Prednisone is a corticosteroid drug that reduces inflammation in a wide range of conditions, including muscular dystrophy, asthma, colitis, arthritis, and psoriasis.
However, while the treatment is highly effective, daily prednisone can cause weight gain and muscle wasting, among other serious side effects.
Researchers are keen to discover whether a weekly dose of prednisone could provide the same anti-inflammatory benefits as a daily dose, but without promoting weight gain and wasting.
In a recently published pilot study, scientists at Northwestern University Feinberg School of Medicine in Chicago, IL, found that a once-weekly dose of prednisone improved muscle performance in people with muscular dystrophy.
Unlike a daily dose, the weekly treatment did not appear to cause the usual side effects of corticosteroid treatment, such as weight gain, high blood sugar, and high blood pressure.
There were also no serious adverse events or persistent side effects from the treatment.
Whether the same strategy could prevent weight gain and muscle wasting in people who do not have muscular dystrophy is unclear, however.
Mice on a high-fat diet
To start to answer that question, one of the researchers has now compared daily and weekly prednisone in mice fed a high fat diet. Elizabeth M. McNallly, Professor of Medicine (Cardiology) and Biochemistry and Molecular Genetics from Northwestern University Feinberg School of Medicine in Chicago, IL, led the study.
They found that a weekly dose prevented obesity and improved muscle metabolism in the animals.
By contrast, a daily dose of the drug led to weight gain, exercise intolerance, and high blood sugar levels.
In addition, mice that were already obese lost weight, gained strength and increased their lean body mass on a weekly dose of prednisone — despite eating a high-fat diet.
The study has been published in the Journal of Experimental Medicine.
“What is exciting to me about this work is the finding that a simple change in the dosing frequency can transform [corticosteroid drugs] from inducers to preventers of obesity.”
– Mattia Quattrocelli, Ph.D., corresponding author
Dr. Quattrocelli, who initiated the research while at Northwestern, is now assistant professor at Cincinnati Children’s Hospital Medical Center and the pediatrics department at the University of Cincinnati.
‘Conversation’ between fat and muscle
The research adds to evidence that a healthy, balanced metabolism largely depends on the molecular “conversation” between fat (adipose) tissue and muscles.
The scientists discovered that in obese mice, a once-weekly dose of prednisone increased the amount of a signaling molecule that adipose tissue produces.
The molecule — a hormone called adiponectin that is derived from fat — improved the exercise tolerance and energy expenditure of the animals’ muscles.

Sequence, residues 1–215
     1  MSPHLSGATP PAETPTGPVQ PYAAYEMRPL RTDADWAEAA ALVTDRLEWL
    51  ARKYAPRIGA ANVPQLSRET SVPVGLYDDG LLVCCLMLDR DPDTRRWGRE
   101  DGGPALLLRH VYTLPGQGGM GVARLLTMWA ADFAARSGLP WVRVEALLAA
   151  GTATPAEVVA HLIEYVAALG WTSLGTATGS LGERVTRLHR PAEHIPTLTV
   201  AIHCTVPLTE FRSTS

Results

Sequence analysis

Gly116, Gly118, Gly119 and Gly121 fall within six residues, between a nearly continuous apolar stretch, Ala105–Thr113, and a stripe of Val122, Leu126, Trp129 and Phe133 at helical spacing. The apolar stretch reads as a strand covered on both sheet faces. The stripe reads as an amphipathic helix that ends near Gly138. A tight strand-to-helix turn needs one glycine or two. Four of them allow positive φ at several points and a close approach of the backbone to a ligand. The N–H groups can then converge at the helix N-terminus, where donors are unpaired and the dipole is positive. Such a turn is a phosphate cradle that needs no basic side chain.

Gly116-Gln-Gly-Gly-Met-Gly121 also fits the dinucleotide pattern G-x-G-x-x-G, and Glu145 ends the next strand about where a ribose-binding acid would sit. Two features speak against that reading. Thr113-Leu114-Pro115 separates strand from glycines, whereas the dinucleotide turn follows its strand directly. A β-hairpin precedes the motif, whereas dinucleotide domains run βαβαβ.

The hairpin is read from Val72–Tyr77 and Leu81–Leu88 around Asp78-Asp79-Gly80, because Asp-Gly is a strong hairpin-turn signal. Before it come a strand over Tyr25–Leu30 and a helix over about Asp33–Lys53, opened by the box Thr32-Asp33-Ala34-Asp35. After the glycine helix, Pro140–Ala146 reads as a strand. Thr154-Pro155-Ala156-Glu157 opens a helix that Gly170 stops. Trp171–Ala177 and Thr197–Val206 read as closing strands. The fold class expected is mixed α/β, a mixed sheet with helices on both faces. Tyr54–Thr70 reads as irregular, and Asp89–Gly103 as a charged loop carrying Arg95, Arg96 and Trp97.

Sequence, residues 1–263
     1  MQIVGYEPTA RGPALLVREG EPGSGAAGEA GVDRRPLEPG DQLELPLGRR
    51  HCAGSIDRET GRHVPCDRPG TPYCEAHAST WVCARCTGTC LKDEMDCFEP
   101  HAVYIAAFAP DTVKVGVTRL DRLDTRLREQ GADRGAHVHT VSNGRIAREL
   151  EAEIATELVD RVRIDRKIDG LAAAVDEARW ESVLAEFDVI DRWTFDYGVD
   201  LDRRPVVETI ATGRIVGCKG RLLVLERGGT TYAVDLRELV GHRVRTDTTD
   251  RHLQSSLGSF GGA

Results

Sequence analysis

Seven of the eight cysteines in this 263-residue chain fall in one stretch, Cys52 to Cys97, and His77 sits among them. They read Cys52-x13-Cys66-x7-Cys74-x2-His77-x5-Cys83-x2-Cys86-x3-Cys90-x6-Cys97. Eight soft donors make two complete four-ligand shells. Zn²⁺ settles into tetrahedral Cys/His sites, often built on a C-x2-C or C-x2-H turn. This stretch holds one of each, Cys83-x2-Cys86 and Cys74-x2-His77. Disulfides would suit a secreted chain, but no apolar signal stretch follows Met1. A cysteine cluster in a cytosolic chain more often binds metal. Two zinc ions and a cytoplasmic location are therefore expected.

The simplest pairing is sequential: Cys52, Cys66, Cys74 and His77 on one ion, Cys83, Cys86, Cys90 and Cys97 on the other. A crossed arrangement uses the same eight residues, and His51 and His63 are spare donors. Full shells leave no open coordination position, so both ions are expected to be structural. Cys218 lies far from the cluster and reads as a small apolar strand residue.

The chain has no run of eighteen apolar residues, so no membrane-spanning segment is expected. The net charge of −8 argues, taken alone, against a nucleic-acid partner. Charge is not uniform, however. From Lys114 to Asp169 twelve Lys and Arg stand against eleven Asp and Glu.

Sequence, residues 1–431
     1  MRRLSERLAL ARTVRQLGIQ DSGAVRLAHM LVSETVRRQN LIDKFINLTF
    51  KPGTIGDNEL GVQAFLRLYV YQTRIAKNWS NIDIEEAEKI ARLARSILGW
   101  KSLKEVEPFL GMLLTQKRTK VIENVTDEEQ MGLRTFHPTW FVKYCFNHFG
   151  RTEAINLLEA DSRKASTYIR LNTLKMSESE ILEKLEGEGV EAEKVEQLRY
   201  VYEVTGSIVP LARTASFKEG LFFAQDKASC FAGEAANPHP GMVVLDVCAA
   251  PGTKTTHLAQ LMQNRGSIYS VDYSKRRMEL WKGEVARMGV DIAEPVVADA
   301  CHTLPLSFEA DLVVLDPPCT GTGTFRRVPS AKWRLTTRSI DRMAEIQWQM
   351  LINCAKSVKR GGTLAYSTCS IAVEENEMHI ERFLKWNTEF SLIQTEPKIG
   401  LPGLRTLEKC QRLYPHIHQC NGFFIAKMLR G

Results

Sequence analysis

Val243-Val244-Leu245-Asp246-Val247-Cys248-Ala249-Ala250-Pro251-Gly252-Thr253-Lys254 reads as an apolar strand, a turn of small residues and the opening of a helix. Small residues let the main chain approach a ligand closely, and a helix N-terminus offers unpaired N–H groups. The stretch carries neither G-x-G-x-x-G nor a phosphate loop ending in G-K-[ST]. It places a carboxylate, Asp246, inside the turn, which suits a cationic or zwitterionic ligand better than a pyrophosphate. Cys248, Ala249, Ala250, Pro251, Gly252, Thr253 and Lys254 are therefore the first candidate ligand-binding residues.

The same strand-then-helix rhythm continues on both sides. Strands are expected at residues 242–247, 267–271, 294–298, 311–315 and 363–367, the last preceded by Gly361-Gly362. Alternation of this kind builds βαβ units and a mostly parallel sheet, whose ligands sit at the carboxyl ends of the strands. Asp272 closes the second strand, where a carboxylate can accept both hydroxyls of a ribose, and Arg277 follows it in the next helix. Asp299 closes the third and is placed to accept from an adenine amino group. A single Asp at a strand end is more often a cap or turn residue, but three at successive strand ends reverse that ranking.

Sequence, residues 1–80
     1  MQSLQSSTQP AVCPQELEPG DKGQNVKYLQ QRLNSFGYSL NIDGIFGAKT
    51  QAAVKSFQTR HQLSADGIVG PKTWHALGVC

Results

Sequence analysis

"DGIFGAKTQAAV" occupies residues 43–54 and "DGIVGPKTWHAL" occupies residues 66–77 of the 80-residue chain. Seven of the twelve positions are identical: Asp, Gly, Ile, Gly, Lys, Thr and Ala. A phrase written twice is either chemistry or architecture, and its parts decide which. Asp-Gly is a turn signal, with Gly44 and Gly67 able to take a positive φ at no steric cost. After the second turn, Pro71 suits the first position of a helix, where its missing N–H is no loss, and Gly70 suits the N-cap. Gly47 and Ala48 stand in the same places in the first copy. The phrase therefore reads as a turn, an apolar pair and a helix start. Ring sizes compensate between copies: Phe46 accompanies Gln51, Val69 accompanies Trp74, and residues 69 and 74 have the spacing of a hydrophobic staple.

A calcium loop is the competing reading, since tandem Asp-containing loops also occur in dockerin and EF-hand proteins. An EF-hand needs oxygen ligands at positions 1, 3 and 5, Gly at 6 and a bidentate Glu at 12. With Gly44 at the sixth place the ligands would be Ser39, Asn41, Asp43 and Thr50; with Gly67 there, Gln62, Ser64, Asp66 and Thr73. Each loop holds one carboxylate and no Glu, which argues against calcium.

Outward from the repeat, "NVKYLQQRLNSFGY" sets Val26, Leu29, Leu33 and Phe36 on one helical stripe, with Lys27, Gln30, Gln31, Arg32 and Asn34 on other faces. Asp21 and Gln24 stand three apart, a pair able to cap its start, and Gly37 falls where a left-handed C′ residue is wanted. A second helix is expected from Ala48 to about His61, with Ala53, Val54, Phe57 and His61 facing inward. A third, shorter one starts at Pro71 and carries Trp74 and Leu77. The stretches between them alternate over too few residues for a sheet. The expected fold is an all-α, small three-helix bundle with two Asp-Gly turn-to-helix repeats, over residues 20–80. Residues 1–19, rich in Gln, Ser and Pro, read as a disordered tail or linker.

Conversely, mice that had been genetically engineered to lack adiponectin failed to respond to the once-weekly treatment with prednisone.
Dr. Quattrocelli told Medical News Today that researchers will need to learn more about the mechanisms behind the discovery before they can translate the findings into treatments.
“We first need to gather more mechanisms in mice and possibly other animal models in order to determine the degree of translatability,” he said.
“There’s quite a bit of difference between obesity in mice and obesity in humans, and in general between metabolic stress in mice and metabolic stress in humans,” he emphasized.
He added that muscle in mice has a different composition to that in humans, with a higher proportion of “fast twitch” fibers.
“On top of that I want to bring to the fore the importance of the complexity of social behavior in humans compared to mice,” he said.
“As humans we have very, very complex social behaviors that directly impact when and how we eat and the dynamics of body mass in general,” he added.
By contrast, researchers can tightly control the availability of food and other environmental factors in the cages of lab mice.
“This study brings up a very unique and fascinating concept that has yet to be explored further,” said Revital Gorodeski Baskin, M.D., an endocrinology and diabetes specialist at the Cleveland Clinic Lerner College of Medicine in Cleveland, OH.
“I am excited to see that after one large dose of prednisone, these mice showed improvement in body mass, muscle metabolism, and energy expenditure,” she told MNT.
“This may sound like a feasible treatment strategy for obesity, with a few concerns,” she added.
She pointed out that a single, high dose of a steroid can cause psychological distress, poor sleep, paranoid thoughts, and anxiety in some individuals.
She said high doses of steroids are known to reduce bone density and increase infection rates, so researchers would need to investigate whether short bursts of the drugs could, over time, cause the same issues.
The clinical benefits could also wane over time as patients’ bodies accommodate to the treatment.
“I do, however, think that this is a very unique concept to improvement in energy metabolism and body mass,” she added. She said she looked forward to seeing further research into the idea.